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IMF cuts its 2019 economic growth outlook for Mexico to 2.7%

NAFTA, tariffs, election results factors in reduced expectations

The International Monetary Fund (IMF) has cut its 2019 growth forecast for the Mexican economy from 3% to 2.7% due to prolonged uncertainty surrounding the renegotiation of the North American Free Trade Agreement (NAFTA).

In its latest World Economic Outlook Update, the IMF also said that “the recently announced and anticipated tariff increases by the United States and retaliatory measures by trading partners” could “depress medium-term growth prospects both through their direct impact on resource allocation and productivity and by raising uncertainty and taking a toll on investment.”

Mexico struck back swiftly after the United States announced that it would impose 25% and 10% duties on steel and aluminum, introducing its own tariffs on a range of U.S. products including pork, apples, some steel products, a range of cheeses and bourbon.

Despite introducing tit-for-tat measures on their neighbor, both Mexico and Canada also reaffirmed their commitment to reaching a new NAFTA deal but the United States hasn’t expressed the same level of support. President Donald Trump has even suggested that separate bilateral agreements could be sought with the two countries.

The IMF warned generally that “an escalation of trade tensions could undermine business and financial market sentiment, denting investment and trade.”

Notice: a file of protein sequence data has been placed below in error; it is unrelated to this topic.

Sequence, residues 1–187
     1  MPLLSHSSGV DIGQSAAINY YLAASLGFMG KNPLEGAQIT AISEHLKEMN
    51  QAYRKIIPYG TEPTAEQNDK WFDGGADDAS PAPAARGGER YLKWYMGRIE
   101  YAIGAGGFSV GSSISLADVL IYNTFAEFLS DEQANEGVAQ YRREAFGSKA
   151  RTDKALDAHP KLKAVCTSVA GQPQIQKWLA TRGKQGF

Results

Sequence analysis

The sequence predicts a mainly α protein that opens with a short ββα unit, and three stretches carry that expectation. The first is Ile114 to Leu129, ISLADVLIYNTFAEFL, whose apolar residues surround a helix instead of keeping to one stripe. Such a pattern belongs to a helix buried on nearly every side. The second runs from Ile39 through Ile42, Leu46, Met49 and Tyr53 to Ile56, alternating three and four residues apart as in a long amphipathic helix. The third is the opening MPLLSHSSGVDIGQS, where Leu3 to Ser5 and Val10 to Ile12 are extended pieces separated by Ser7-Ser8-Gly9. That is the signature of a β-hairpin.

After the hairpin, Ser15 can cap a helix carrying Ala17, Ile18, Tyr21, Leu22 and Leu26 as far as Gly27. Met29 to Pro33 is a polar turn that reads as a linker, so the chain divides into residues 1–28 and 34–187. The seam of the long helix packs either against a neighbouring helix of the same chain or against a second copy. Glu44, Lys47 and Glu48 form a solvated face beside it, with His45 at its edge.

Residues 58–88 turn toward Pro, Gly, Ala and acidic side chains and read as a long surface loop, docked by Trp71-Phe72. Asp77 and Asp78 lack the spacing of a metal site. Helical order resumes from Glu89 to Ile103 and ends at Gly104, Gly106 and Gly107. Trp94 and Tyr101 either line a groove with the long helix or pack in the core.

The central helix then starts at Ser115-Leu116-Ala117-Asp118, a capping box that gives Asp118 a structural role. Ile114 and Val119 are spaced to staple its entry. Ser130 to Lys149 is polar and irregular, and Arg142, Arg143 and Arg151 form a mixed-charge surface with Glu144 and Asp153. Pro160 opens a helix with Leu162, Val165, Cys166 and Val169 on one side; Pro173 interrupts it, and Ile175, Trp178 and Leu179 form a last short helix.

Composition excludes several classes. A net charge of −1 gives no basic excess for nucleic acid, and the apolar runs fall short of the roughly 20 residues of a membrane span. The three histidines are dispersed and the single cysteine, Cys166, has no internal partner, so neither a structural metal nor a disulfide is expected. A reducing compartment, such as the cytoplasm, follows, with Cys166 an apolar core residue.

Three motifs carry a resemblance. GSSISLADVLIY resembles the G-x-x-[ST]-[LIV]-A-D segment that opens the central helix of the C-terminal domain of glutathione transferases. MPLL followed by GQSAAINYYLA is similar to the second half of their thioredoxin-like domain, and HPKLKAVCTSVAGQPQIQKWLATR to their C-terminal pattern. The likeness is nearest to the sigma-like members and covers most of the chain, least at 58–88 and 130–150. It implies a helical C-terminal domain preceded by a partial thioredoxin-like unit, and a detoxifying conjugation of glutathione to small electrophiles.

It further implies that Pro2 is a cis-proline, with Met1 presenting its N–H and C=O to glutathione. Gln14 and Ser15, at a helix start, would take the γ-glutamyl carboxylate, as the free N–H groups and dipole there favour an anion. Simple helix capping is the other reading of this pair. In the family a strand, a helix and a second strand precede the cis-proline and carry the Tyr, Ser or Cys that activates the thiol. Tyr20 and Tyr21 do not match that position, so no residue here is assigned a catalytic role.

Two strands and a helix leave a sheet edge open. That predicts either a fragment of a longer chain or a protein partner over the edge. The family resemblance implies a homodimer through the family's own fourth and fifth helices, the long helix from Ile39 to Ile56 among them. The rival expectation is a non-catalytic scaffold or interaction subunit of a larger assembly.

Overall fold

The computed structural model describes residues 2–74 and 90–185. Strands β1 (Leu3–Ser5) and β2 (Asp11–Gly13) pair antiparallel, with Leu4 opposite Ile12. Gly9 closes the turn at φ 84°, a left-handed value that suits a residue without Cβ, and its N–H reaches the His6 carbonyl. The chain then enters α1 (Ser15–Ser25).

It also cited uncertainty about “the policy agenda” of Mexico’s new government as an additional factor that it considered in its downgraded growth forecast.

Andrés Manuel López Obrador won the July 1 presidential election in a landslide and he and his prospective cabinet have subsequently sought to calm fears surrounding the incoming administration’s economic plans.

Future finance secretary Carlos Urzúa has been particular outspoken, reassuring investors that the 2019 budget will keep the nation’s finances under control and stressing that the independence of the central bank will be respected.

In the week after López Obrador’s election, the peso recorded its biggest single-week gain in more than six years and analysts partially attributed the currency’s strong performance to the efforts to quell economic concerns. The new president will be sworn in on December 1.

For 2018, the IMF maintained its growth forecast for Mexico at 2.3%.

The intergovernmental organization also maintained its global growth projection for both 2018 and 2019 at 3.9% but noted that “the expansion is becoming less even, and risks to the outlook are mounting.”

For the wider region of which Mexico is part — Latin America and the Caribbean — the IMF is predicting 1.6% and 2.6% growth for 2018 and 2019 respectively. The former forecast was cut by 0.4% and the latter by 0.2% compared to April figures.

The IMF will announce its next World Economic Outlook Update in October.

Source: El Economista (sp)

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